By: Daniel Reynolds
As some of you may know from following the Same Page, I’m a big fan of Breaking Bad. For my money, it is the best directed, best written and best acted show on TV right now. Few shows manage to grab my attention and lock me into that ‘must see’ mindset like it does. But of course, Breaking Bad is gone until July, and after that 8 episode season, it will be gone forever. Sure there are other shows out there (Mad Men is still awesome, Louie is defining TV in a whole new way, etc.), but lately I’ve been thinking about some shows that have surprised me this season and helped me forget about the lack of Walter White and the gang.
The Walking Dead
As I’ve written elsewhere, the Walking Dead is a hit show, albeit something of a surprise one. As a reader of the comics, I was all-in after the first season. I liked the show’s construction, I didn’t mind the diversions from the books (because, let’s relax), and I was excited to see where the live action version would go next. But then Season 2 happened and we had a lot of time devoted to people ambling off into the woods (always a bad idea) looking for some girl, the trial of some random dude who probably just should have been left for dead, and people dealing with depression. I quit at some point around episode 8 or 9, having listened to one too many speeches about survival from Rick, Shane, Lori, etc (admittedly, this is a problem with the comic, too).
Naturally, I figured a show about zombies would inexorably march on without me and I’d just leave it at that. But, I kept hearing the chatter, the buzz across the Internet, that the Walking Dead was getting better. Perhaps it was because of the gentle (relatively speaking) removal of Frank Darabont as showrunner, but yes, the Walking Dead rounded into form in those last few episodes of Season 2. There was the searing confrontation between Rick and Shane, the shocking takedown of Dale, and the terrifying reminder that zombies en masse still roamed.
I haven’t caught up on Season 3 yet (only at Episode 4 now), but the uptick in pace and overall quality is immediately apparent. Instead of getting side tracked into pointless side missions (we need to get that zombie out of the well!), Rick and company continue to barrel headfirst into trouble (but always with a machete). And now Michonne is in the mix, and the Governor is at large, and well, let’s just say I’m glad to be back among the shambling horde that is watching this show.
For much of season 2, and the start of season 3, I’m not even sure why I was still watching Boardwalk Empire (more like Boredwalk, amirite?). As others have commented, it felt like a show with all the pieces needed to succeed (storied creative team, big name cast, sky high production values, etc.) and yet, it felt hollow. Now, a lot of the blame has been thrown at the casting of Steve Buscemi as Nucky Thomson, the ostensible lead of the show, king of the underworld. Everyone knows Buscemi, but they usually know him as this guy, or that guy, not as THE guy. And yeah, I get that.
However, Boardwalk Empire suffered from what I call Prestige Syndrome. Sure, it used old-timey music, and went out of its way to work in famous real-life political and underworld figures, people actually said things like “Cheers to prohibition!”; it was full of all that on-the-nose stuff. The show tended to believe that by existing the way it did, it should automatically be considered significant. And then they killed off Jimmy Darmody, the one character that seemed to be struggling against the whole historical straightjacket conceit of the show.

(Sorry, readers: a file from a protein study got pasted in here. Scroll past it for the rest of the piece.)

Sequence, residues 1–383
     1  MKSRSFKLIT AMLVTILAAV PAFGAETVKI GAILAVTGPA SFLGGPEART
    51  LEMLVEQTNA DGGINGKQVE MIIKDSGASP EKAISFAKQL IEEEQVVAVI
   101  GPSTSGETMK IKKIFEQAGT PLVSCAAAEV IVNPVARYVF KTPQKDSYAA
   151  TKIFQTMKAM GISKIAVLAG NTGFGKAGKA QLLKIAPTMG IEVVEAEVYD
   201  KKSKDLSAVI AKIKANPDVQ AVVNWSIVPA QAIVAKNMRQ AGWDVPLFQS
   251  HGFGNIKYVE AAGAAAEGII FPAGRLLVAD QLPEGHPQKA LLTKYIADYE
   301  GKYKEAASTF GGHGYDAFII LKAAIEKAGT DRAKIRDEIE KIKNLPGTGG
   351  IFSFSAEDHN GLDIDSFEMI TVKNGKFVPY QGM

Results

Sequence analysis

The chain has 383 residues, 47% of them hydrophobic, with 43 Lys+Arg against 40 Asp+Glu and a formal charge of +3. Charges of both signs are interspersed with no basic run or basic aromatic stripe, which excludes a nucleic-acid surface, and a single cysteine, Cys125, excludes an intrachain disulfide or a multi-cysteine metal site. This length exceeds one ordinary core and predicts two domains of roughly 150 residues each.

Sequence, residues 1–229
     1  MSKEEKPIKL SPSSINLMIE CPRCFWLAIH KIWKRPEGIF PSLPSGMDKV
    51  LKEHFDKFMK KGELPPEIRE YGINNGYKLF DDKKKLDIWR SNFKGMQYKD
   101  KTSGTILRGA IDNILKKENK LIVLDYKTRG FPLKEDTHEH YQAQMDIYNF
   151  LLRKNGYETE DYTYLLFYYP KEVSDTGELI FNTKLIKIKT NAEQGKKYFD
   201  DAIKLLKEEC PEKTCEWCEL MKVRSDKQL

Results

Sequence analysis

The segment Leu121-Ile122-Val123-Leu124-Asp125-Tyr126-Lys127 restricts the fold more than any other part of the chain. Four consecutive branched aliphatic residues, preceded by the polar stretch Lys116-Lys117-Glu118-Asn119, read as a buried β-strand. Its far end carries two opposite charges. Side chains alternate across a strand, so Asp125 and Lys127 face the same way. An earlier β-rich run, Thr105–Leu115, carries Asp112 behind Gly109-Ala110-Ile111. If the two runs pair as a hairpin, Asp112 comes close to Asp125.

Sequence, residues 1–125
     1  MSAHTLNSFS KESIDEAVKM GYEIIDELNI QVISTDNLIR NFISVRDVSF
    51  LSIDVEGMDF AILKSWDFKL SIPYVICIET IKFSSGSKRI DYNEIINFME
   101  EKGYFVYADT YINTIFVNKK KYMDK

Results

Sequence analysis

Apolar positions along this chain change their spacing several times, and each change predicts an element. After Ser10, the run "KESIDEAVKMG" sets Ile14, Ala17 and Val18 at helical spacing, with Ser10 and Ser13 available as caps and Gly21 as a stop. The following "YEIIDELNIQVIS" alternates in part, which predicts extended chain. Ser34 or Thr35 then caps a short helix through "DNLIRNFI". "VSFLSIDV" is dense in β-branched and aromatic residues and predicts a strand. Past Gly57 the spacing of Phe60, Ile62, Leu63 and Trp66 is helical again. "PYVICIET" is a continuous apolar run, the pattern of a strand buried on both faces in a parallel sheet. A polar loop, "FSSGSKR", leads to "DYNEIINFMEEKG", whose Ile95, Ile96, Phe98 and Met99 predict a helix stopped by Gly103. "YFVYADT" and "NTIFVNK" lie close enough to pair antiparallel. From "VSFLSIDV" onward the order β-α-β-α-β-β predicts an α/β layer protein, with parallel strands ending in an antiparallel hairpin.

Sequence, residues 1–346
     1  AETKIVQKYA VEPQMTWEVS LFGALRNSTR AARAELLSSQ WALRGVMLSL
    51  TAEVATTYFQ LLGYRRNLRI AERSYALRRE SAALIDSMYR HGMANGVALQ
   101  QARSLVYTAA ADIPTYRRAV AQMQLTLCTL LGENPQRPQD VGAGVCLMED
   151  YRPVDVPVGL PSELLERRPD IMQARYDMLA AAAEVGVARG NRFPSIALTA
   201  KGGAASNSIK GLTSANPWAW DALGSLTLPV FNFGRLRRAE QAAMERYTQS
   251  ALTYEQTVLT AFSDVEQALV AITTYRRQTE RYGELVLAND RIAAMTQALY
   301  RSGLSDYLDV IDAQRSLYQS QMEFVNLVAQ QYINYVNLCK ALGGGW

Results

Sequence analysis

But, and believe me I don’t say this lightly, in a classic Wire-like sense, Boardwalk Empire began, after spending most of season 3 dithering all over the eastern seaboard, pulling the strings together to tighten the knot of the plot. Now, we’ve got show MVP Richard Harrow unpacking his guns to rain down who knows what kind of holy terror, Nucky planning to take on the insane Gyp Rosetti and, come on, who else almost leapt off the couch when goddamn Al Capone (!) walked out of the crowd to say, “Then we talk about who dies.” Love it.
This one is actually cheating, I guess, since this season of the Office, its ninth, is its last. In sitcom years that is Lonesome George old. The show has already lost its star, Steve Carrell, to a vaguely defined movie career (and is currently working on writing another would-be movie star, Ed Helms, out of the show). It should be put out to pasture but since it remains as one of NBC’s lone brand name attractions, it remains. For all intents and purposes, the ninth season (of almost any show) should be a misbegotten mess.
Yet, a strange thing is happening over in Scranton, Pennsylvania. The Office is… pretty good. Now hold on, maybe good is a strong term. It is not, I repeat not, a necessary show and it is definitely the lesser of NBC’s other longer running comedy shows (Parks and Recreation and 30 Rock; RIP Community), and yet it almost feels like its makers have been freed to sort of run wild. The Office is no longer like any real office – or any real reality, really – but the bizarre mix of characters and the depressing pall that hangs over the whole show (Kevin’s dead turtle, the ongoing Angela/Oscar/Senator romance, poor Jim and his hopeless business venture, whatever the hell Erin is doing) now make it perversely watchable. I realize this is not a ringing endorsement; saying a show is not terrible never is. But like one of those marathoners who run for four hours, long after everyone else is done, you’ve almost got to toss it a little respect.
So that is where TV is at right now for me. And before anyone gets up in arms, I do watch other shows (Hello, New Girl!) but when people ask: I’m still scrounging through the Office, enjoying the Walking Dead and Boardwalk Empire, and pining, always pining, for the return of Breaking Bad.